Examination of the blood can reveal red blood cell abnormalities, such as is seen in malaria, stages of parasitic life cycles, evidence of protozoans, and electrolyte abnormalities due to excessive diarrhea or nausea/vomiting.

Examination of stool can demonstrate eggs, worms, and all stages between for parasitic helminths and protozoans.

In rare cases, the diagnosis can remain elusive until actual biopsies are performed to look for evidence of infestation.

How Can Diseases of Travelers Be Managed?

Management of diseases acquired abroad involves maintenance of electrolytes or anemia due to the symptoms. Some organisms have no treatment and a physician is limited to management of complications only.

  • Respiratory compromise may require oxygen supplementation and perhaps even mechanical support
  • Blood infections will require treatment for anemia or for hemorrhagic infections to prevent life-threatening coagulation problems
  • GI manifestations will require fluid and electrolyte maintenance of homeostasis 

Any of these can create a need for isolation if the infections are communicable.

Actual treatment, when  applicable, involves the eradication of the infecting organism. Antibacterial, antiviral, anthelminthic and other medications are used, depending on the diagnosis. Some infections are self-limited, such that maintenance of homeostasis is all that is required until the patient is out of clinical danger.

Pre-Travel Evaluation

To prevent illness while traveling, it is good preventative strategy to have a pre-travel evaluation with one’s primary care physician. He or she can advise upon many conditions that are present and how best to avoid complications that traveling add to their respective risks. A list of potential exposures based on the itinerary can help organize immunizations/vaccinations to preemptively counter the endemic diseases along the trip and at the destination.

A list of all current conditions and current medications should be compiled. For the medications, include the generic names, since brand names may be unrecognized abroad.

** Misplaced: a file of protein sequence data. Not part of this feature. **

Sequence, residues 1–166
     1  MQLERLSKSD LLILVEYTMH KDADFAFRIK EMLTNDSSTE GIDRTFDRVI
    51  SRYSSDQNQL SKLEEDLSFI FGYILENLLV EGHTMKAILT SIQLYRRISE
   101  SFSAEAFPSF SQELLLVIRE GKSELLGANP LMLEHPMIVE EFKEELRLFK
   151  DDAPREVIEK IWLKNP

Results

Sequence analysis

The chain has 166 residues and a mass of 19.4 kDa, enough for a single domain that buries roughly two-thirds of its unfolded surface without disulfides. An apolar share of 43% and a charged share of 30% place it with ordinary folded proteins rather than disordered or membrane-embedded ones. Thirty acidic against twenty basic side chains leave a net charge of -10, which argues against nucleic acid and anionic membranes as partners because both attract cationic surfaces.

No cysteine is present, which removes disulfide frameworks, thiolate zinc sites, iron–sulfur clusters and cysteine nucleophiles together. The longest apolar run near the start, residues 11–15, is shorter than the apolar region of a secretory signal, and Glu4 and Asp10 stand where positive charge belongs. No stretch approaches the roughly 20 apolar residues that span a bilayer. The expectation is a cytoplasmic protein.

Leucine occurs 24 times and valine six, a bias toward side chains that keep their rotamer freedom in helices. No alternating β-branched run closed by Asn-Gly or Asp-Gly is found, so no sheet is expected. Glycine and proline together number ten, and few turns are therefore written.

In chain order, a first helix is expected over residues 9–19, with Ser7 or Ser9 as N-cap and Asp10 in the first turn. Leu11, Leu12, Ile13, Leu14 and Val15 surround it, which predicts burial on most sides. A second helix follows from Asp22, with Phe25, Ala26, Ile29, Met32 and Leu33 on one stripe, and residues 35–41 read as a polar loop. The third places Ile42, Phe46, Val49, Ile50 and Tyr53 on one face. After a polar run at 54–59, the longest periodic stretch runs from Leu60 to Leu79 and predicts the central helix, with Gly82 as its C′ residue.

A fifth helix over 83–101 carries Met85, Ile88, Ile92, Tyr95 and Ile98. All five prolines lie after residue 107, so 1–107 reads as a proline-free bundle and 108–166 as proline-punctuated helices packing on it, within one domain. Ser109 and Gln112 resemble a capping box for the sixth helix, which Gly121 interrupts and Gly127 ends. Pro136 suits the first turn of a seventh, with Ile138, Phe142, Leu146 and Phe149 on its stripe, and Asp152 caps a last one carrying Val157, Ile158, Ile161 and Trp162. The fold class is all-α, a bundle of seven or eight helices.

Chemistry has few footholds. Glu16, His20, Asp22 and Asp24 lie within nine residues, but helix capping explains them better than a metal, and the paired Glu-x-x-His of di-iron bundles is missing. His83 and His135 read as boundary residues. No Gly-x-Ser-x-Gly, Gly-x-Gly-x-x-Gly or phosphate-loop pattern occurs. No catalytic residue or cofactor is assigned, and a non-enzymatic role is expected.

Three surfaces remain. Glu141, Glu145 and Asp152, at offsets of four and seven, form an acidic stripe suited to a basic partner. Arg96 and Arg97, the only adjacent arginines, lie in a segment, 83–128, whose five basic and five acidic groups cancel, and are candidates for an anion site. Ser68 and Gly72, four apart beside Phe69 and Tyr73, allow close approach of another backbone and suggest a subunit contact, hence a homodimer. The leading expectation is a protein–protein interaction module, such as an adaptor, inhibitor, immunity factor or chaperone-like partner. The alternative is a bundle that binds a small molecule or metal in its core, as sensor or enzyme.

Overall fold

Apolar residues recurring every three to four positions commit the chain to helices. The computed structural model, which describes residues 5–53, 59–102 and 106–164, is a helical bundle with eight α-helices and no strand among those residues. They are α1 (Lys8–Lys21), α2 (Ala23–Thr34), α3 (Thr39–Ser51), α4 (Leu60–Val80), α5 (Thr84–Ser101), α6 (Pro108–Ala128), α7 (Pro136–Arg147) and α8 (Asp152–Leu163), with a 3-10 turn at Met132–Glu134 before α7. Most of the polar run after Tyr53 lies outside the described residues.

A past medical history and a list of allergies is part of the pre-travel evaluation, as is a list of immunizations and the dates of administration.

Ingestion of Contaminated Food and Drink

Travelers diarrhea, the most common illness, affecting almost 40% of those traveling from a resource-rich to a resource-poor region, is typically caused by ingesting any one of many bacterial, viral, and parasitic organisms. Avoiding open-air food establishments and keeping to factory-sealed bottles of beverages can limit exposure.

Air Travel

Standing and walking should be done at least every 1-2 hours to discourage thrombus formation in the legs. Jets do not pressurize cabins to sea level, so that cardiopulmonary compromise may require pre-trip planning for oxygen supplementation. In those with respiratory infections, decongestants will help prevent ascent or descent pain in the eustachian tubes. Jet lag should account for the time of re-equilibration with one’s circadian rhythm, typically one day for each time zone crossed. Some immunocompromise and fatigue from disruption of the sleep/wake cycle can be anticipated. For this reason, in west-to-east travel, melatonin should be taken on the evening of arrival and for 5 days after; in east-to-west travel, seeking morning light and avoiding sun exposure in the afternoons for a few days will ease the re-acclimation. Diabetics should discuss alterations in their insulin requirements due to jumped time zones and sporadic meals.

Cruises

The CDC has information on which specific cruise ships meet sanitation standards. Hand-washing should be frequent. Scuba divers should wait 1-2 days before flying to avoid decompression sickness (“the bends”).

Remote Locations

The biggest risk in traveling to remote locations (ocean travel, jungle expeditions, desert travel) is the lack of a timely response to medical emergencies that can arise. One must take into account present medical conditions that would rely on a timely intervention should it be necessary. Even surprises (e.g., appendicitis on the tundra) can cause death that otherwise could be treated easily.

Vaccines needed will depend on the destination. However, the following are commonly administered:

  • Yellow fever (Africa, Central and South America)
  • Typhoid (Asia, Africa, Latin America)
  • Hepatitis A
  • Japanese encephalitis (Asia)
  • Polio (Pakistan and Afghanistan)
  • Tetanus, diphtheria
  • Measles
  • Hepatitis B
  • Meningococcus

An egg allergy should be reported before getting any immunizations. Also, some vaccines require more than one dose, so the time needed for a full course completion before embarking should be taken into account.

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This information is provided by Vascular Health Clinics and is not intended to replace the medical advice of your doctor or healthcare provider. Please consult your healthcare provider for advice about a specific medical condition.